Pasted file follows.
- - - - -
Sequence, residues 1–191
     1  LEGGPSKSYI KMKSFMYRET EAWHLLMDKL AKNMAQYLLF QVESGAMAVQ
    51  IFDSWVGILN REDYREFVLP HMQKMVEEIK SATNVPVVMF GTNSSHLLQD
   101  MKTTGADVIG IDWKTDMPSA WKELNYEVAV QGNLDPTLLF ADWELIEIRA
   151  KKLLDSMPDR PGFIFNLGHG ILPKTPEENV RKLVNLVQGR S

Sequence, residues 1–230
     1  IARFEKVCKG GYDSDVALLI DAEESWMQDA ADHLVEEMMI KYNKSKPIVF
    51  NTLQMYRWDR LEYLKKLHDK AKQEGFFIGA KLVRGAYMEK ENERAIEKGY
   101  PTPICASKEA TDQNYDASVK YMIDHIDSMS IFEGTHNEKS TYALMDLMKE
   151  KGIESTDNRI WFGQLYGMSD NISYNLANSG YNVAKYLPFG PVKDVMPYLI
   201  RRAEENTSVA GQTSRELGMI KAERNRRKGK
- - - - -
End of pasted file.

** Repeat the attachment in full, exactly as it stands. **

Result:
Sequence, residues 1–191
     1  LEGGPSKSYI KMKSFMYRET EAWHLLMDKL AKNMAQYLLF QVESGAMAVQ
    51  IFDSWVGILN REDYREFVLP HMQKMVEEIK SATNVPVVMF GTNSSHLLQD
   101  MKTTGADVIG IDWKTDMPSA WKELNYEVAV QGNLDPTLLF ADWELIEIRA
   151  KKLLDSMPDR PGFIFNLGHG ILPKTPEENV RKLVNLVQGR S

Sequence, residues 1–230
     1  IARFEKVCKG GYDSDVALLI DAEESWMQDA ADHLVEEMMI KYNKSKPIVF
    51  NTLQMYRWDR LEYLKKLHDK AKQEGFFIGA KLVRGAYMEK ENERAIEKGY
   101  PTPICASKEA TDQNYDASVK YMIDHIDSMS IFEGTHNEKS TYALMDLMKE
   151  KGIESTDNRI WFGQLYGMSD NISYNLANSG YNVAKYLPFG PVKDVMPYLI
   201  RRAEENTSVA GQTSRELGMI KAERNRRKGK